Grocery shopping can have a positive impact on the environment, your budget, the community you live in, and the nutritional value of your meals. This is why we are seeing such an increase in the local food movement from “100 mile diet” campaigns to food action coalitions helping restaurants and grocery stores support local food suppliers.
For the individual grocery shopper, this means taking the time to find and purchase from retailers that stock locally grown and produced foods; in my case, within British Columbia. Luckily, Dave and I live in an agricultural paradise and this special community truly cares about the health of its valley. Most of the restaurants in Creston, BC, and the grocery stores offer locally grown foods.
Going a step further, gardening in your yard, on your balcony, in front of the window or along a walkway can have a positive effect on the environment too. In fact, Dave and I grow much of our own food in our gardens. What we cannot consume or process for ourselves, we are able to share with friends, clients and neighbors. We utilize the local small brewery to make the berry and fruit juices we produce from our harvests into beautiful wine at only $6 a bottle. As such, we spend about 60% less than we would if we did not garden.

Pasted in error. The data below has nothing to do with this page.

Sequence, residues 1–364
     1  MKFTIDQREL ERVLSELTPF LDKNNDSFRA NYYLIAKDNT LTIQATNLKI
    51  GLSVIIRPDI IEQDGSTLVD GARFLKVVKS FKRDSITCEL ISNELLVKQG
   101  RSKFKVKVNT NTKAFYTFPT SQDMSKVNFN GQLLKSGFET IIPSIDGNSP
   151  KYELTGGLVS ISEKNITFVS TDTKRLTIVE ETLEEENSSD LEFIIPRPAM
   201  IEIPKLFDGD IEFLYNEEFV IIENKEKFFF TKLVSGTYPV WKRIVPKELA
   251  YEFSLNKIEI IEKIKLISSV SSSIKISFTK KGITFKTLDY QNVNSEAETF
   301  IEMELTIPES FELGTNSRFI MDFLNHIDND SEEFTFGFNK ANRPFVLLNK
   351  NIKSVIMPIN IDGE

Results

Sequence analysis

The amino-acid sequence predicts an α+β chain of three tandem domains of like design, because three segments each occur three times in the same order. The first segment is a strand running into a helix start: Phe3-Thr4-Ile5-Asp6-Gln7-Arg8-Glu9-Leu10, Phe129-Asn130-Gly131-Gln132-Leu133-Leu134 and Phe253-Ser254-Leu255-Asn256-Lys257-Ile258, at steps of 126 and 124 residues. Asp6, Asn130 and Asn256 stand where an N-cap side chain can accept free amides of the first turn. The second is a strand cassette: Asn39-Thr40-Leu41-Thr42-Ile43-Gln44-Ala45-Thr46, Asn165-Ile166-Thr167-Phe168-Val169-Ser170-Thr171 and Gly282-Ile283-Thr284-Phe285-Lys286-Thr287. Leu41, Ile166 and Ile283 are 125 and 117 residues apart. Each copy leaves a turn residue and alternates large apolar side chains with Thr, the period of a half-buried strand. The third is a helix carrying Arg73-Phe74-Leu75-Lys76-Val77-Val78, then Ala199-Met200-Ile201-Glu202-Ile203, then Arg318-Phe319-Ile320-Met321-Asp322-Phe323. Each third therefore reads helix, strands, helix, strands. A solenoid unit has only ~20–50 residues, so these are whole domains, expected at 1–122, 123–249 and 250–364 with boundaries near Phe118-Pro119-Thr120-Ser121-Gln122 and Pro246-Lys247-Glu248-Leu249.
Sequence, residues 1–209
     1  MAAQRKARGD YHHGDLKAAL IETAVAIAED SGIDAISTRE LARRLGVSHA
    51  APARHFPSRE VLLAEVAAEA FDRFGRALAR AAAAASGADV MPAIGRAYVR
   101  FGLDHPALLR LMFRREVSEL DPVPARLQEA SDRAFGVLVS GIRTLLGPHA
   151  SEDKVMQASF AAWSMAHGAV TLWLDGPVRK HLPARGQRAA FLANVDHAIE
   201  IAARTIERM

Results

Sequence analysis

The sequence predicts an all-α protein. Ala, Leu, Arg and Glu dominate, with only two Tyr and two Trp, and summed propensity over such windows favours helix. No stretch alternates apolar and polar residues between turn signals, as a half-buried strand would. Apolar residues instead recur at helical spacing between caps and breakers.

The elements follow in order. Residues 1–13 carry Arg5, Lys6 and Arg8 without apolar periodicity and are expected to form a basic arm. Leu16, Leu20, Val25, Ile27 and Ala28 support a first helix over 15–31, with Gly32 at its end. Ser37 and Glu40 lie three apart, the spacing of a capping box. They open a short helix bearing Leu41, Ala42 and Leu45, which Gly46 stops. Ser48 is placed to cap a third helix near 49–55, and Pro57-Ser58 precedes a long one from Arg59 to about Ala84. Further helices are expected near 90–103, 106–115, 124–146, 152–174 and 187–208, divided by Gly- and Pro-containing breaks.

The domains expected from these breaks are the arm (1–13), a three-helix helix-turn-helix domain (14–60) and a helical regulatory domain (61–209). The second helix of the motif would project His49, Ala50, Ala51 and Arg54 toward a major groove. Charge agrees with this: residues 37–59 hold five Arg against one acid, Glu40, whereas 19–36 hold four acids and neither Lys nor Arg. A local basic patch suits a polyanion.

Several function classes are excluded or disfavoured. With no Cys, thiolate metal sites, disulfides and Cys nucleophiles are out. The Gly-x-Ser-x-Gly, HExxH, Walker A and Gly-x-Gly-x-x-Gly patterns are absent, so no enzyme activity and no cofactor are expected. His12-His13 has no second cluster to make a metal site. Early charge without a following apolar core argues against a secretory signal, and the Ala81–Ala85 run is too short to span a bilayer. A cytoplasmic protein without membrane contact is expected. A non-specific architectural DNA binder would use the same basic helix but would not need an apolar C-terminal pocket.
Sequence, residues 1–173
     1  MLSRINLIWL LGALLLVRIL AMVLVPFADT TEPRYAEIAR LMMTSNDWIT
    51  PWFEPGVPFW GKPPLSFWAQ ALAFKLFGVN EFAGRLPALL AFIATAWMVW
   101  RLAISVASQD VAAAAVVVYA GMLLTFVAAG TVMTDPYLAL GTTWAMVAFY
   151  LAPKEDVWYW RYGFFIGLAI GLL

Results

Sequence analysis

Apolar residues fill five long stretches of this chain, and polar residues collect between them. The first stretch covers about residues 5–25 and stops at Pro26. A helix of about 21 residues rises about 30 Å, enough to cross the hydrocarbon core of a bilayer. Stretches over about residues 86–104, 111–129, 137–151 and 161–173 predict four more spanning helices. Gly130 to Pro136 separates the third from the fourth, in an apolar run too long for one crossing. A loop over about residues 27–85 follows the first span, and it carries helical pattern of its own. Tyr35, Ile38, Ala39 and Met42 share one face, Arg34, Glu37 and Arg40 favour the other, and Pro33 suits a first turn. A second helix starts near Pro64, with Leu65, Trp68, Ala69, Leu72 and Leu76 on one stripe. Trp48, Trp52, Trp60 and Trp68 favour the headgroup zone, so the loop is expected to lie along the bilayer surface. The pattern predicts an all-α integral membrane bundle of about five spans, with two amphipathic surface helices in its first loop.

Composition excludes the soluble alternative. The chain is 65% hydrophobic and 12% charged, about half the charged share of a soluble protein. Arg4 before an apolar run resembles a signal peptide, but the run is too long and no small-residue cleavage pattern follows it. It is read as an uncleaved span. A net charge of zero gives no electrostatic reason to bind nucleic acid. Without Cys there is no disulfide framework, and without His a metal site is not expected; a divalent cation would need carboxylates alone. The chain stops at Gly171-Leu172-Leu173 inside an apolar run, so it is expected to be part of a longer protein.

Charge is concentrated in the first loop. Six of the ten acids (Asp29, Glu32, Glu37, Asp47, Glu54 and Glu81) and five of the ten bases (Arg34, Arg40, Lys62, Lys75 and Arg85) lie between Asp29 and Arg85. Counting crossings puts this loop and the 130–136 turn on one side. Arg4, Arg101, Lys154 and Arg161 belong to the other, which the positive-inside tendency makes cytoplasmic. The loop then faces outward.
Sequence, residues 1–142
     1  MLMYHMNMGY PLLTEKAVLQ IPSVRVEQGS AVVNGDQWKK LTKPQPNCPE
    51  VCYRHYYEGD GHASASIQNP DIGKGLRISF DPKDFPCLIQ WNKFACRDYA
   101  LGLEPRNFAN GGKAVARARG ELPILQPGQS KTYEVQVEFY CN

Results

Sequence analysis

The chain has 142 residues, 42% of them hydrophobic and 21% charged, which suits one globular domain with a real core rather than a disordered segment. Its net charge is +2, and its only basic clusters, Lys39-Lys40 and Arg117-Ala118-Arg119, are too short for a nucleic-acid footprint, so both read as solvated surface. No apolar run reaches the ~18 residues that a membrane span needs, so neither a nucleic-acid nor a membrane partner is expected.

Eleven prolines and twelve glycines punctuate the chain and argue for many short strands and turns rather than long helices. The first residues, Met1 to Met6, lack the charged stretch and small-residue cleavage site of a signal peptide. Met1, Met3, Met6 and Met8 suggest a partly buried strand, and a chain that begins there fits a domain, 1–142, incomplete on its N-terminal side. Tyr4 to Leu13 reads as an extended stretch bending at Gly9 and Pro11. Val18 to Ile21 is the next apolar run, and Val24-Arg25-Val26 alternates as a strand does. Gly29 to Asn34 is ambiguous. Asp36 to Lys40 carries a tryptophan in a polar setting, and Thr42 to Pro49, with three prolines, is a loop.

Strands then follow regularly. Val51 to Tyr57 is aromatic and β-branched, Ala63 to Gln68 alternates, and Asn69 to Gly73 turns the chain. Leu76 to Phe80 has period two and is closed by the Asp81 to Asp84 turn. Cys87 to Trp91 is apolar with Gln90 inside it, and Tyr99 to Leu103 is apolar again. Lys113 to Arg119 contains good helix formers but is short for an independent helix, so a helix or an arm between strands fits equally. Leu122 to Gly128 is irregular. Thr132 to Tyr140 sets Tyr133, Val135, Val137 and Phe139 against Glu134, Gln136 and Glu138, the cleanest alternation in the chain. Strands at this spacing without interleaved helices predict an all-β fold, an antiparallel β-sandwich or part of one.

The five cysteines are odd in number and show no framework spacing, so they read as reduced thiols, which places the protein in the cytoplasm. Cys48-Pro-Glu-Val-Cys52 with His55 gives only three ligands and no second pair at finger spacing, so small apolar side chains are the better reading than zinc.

It is well known that every inch of green space is very important for the health of the environment, to mitigate climate extremes and provide habitat for birds, butterflies and bees. Growing plants actually cook and clean the air, improve soil and generally make the world a better place.
Farmers and gardeners play a vital role in creating an important wildlife habitat. They also stimulate the local economy because they purchase supplies ranging from fuel to tools, seeds and soil amendments, and they hire seasonal help locally as well.
Did you know that harvested foods begin losing nutrients immediately? The longer they are in storage, continually leaching nutrients, they become less and less budget friendly. Choosing to shop fresh and grow what you can results in delicious, nutritious meals that are less costly and have less packaging. This also means that our food has a lower fossil fuel impact due to low mileage for transportation.
Because of this, you will find that small changes to shopping habits can have an affect on the economical and physical health of your family, as well as benefit the local economy and help the planet too.
By Lillian Brummet
About the author: Lillian Brummet and her husband Dave run the Brummet Media Group. They have published numerous award-winning non-fiction books and popular blogs, including From One Small Garden which contains over 300 delicious, nutritious recipes and is currently available on Amazon. See http://www.BrummetMedia.ca for more information.